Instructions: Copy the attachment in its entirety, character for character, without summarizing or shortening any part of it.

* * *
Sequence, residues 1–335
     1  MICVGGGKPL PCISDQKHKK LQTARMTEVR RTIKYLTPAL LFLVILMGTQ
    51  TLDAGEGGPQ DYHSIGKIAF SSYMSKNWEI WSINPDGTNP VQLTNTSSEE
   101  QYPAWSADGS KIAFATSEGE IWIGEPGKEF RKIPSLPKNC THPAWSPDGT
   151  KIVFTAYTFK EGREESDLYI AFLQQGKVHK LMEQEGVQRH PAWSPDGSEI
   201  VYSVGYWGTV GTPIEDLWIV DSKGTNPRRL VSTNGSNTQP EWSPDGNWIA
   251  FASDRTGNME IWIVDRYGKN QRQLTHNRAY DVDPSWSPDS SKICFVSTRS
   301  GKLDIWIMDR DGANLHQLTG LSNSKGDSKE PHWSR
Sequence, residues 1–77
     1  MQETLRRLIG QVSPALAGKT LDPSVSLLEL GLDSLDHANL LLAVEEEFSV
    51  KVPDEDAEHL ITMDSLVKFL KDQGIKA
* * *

Sequence, residues 1–335
     1  MICVGGGKPL PCISDQKHKK LQTARMTEVR RTIKYLTPAL LFLVILMGTQ
    51  TLDAGEGGPQ DYHSIGKIAF SSYMSKNWEI WSINPDGTNP VQLTNTSSEE
   101  QYPAWSADGS KIAFATSEGE IWIGEPGKEF RKIPSLPKNC THPAWSPDGT
   151  KIVFTAYTFK EGREESDLYI AFLQQGKVHK LMEQEGVQRH PAWSPDGSEI
   201  VYSVGYWGTV GTPIEDLWIV DSKGTNPRRL VSTNGSNTQP EWSPDGNWIA
   251  FASDRTGNME IWIVDRYGKN QRQLTHNRAY DVDPSWSPDS SKICFVSTRS
   301  GKLDIWIMDR DGANLHQLTG LSNSKGDSKE PHWSR
Sequence, residues 1–77
     1  MQETLRRLIG QVSPALAGKT LDPSVSLLEL GLDSLDHANL LLAVEEEFSV
    51  KVPDEDAEHL ITMDSLVKFL KDQGIKA